Keep everyone informed
It's important that
that will happen once school starts. You can even begin practicing your new schedule, focusing on morning and evening routines, and begin implementing them well in advance of the first day of school.
Stay up-to-date on special education news
Being knowledgeable about your child's IEP and their disability can help you become a better
for your child. Try to keep up-to-date on new special education legislation, news, and events. The more you know, the more prepared you will be to navigate the world of special education and successfully advocate for your child!
Attend school events
Take advantage of
to help you and your child get a feel for the school and meet the teachers, other staff, students, and families. Share the positives about working with your child, and let the teacher know about changes, events, or IEP concerns that should be considered for children in special education.
**For more information about starting the year off right, please contact Families Helping Families Region 7 Education Specialist Ester Drakes at (318)226-4541/877-226-4541 or email her at
Tips for Parents to Make the Most Out of Their EarlySteps Experience!
Having an infant or toddler with special needs can be overwhelming and your family’s time in EarlySteps can go by very quickly. Here are a few tips to maximize your time in EarlySteps.
- Participate in the IFSP process—participate with service providers to plan and carry out activities with your child, and share your knowledge and observations with them.
- Inform your support coordinator of issues that may affect your child’s services.
- Schedule your visit during times that are best for your child and family. Be present and actively participate in all visits.
- Be on time for scheduled appointments and notify your service provider as soon as possible if you are unable to keep an appointment. Provide reasonable notice if you need to cancel or reschedule a visit.
- Write down any questions you may have and be prepared to discuss what has happened since your last visit.
- Ask to be shown anything you do not completely understand and practice the strategies together during the visit.
- Review the monthly Family Cost Participation/Explanation of Benefits statement and submit payment if applicable.
- Review and sign each provider contact note for each session. These verify your participation and that the provider conducted the session.
- Use the strategies throughout the day with your child and make notes of what is working and what is not.
- Be open and honest with your service providers. Don’t be afraid to ask questions or tell the service provider if something is not going well.
- Participate in EarlySteps activities such as the State Interagency Coordinating Council (SICC) and/or Regional Interagency Coordinating Council (RICC) or through giving input to your Regional Community Outreach Specialist.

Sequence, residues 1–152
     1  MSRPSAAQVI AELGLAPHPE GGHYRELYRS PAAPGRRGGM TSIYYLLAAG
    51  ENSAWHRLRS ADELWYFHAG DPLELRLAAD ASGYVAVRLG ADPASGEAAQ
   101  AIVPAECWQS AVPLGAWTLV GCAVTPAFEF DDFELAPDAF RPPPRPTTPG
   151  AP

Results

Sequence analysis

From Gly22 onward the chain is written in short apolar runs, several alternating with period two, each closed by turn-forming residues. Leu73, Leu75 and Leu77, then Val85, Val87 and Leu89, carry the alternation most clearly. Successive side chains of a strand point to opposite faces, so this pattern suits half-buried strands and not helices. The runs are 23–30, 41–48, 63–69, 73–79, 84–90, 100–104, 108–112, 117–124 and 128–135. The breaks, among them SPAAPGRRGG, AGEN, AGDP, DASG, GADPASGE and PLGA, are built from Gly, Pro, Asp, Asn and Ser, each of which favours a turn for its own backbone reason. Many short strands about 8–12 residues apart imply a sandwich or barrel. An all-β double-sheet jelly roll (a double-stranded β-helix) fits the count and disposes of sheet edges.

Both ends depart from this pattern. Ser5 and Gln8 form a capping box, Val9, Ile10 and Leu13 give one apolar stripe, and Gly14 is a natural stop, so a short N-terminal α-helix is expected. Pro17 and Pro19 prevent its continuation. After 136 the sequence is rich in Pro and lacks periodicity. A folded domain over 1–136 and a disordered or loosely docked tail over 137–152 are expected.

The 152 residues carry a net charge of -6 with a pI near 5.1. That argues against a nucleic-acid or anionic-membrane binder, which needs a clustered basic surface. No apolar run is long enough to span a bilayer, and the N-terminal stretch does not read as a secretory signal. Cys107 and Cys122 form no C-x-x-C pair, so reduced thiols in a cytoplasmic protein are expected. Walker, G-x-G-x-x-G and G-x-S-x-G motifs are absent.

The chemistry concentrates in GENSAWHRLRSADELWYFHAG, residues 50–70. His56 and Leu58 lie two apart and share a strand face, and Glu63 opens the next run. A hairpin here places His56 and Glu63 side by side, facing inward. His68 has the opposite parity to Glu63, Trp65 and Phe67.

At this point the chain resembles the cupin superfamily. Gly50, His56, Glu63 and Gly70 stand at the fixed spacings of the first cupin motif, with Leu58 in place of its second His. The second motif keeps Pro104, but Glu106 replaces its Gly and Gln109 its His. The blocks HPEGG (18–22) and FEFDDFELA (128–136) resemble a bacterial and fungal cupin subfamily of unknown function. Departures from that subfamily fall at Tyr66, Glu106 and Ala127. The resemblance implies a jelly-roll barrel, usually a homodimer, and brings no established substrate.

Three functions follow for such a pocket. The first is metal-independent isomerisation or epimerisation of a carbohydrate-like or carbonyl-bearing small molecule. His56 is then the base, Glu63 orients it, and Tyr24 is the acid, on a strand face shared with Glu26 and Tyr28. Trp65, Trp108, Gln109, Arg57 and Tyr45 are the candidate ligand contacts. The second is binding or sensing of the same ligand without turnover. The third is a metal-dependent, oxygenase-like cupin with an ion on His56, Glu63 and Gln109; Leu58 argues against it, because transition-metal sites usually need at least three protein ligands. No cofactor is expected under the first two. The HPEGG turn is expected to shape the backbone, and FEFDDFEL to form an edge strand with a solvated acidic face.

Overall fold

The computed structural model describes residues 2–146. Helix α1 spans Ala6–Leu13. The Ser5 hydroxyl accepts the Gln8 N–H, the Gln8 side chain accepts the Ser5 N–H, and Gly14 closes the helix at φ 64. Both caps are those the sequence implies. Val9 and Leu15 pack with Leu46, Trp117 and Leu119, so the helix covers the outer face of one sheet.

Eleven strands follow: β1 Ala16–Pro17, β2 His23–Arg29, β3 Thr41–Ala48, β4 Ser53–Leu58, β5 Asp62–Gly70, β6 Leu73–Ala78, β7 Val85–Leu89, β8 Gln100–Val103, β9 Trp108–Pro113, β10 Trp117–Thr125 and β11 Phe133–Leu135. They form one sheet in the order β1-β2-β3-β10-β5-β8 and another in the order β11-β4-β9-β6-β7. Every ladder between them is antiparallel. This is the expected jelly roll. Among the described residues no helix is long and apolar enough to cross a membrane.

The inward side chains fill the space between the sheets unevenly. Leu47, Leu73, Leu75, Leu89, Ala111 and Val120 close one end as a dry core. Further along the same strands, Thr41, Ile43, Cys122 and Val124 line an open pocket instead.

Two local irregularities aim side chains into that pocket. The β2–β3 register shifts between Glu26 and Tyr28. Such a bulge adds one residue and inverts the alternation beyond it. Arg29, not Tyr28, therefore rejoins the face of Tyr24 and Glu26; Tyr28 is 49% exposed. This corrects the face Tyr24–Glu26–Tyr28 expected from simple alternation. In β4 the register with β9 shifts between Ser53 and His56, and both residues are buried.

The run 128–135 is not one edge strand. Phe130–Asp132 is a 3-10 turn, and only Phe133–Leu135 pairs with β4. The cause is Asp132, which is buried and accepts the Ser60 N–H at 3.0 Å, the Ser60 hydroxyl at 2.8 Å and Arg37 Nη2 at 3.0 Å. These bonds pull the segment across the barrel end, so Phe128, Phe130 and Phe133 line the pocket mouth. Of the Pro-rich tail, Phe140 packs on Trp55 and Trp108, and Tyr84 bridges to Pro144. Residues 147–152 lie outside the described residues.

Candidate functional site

**For more information contact Monica Stampley, EarlySteps Community Outreach Specialist, at (318)226-4541 or (877)226-4541 or email
Families Helping Families Region 7 Parent Support Group
Raising a special needs child can be stressful at times. Having others around to talk to and share your experience with can be a great way to reduce stress. Parents and family members of children with disabilities or special needs are encouraged to come, share, and learn with other parents. Our parent support group meets once a month at different locations around the city.
Please contact Monica Stampley at (318)226-4541/877-226-4541 or email her at
to find out more information about meeting location and time.
Shop at AmazonSmiles and giveback to Families Helping Families Region 7
Support Families Helping Families Region 7 by starting your shopping at
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Amazon will donate 0.5% of the price of your eligible AmazonSmile purchases to Families Helping Families Region7 whenever you shop on AmazonSmile.
What is Hanging with Friends?
Hanging with Friends aka HWF is Families Helping Families support group for self-advocates over the age of 18. Hanging with Friends was birthed out of the idea that all people should have friends as well as being active and included in their community.
HWF meets monthly to have fun, meet new people, and participant in community activities. Some activities include bowling night, movie night, eating out at local restaurants, community festivals, and holiday celebrations plus much more.
As a group we are serious about self-advocacy issues, but we also want to make you laugh and feel good about life. Join us to celebrate the strengths of self-advocates.
Most of all, let’s work together to help people live the life they want with the support they need.
All HWF activities can be found on our Facebook page or you can contact Comeaka King at 318-226-4541/877-226-4541 for location and time.
Travel Stipends Available for Parents To Attend Behavioral Workshops and Conferences.
How to apply:
Relationships and Intimacy:
Preventing Exploitation Information for Self Advocates, Family Members & Caregivers
July 25, 2019
10:00am - 12:00pm
The Arc of Caddo-Bossier
351 Jordan Street
Shreveport, La 71101
Ten training opportunities are being offered statewide to adult self-advocates and their family members or caregivers to increase understanding of the issues that lead to and ways to prevent sexual abuse and exploitation of individuals with intellectual and developmental disabilities.
Individuals with intellectual and developmental disabilities experience sexual abuse and exploitation at significantly higher rates than in the population at large. Unfortunately, individuals with intellectual and development disabilities are also more vulnerable to repeated abuse and exploitation when incidences go unreported. Many factors contribute to this increased risk including, but not limited to, a lack of understanding of human anatomy, sexual development, and healthy relationships.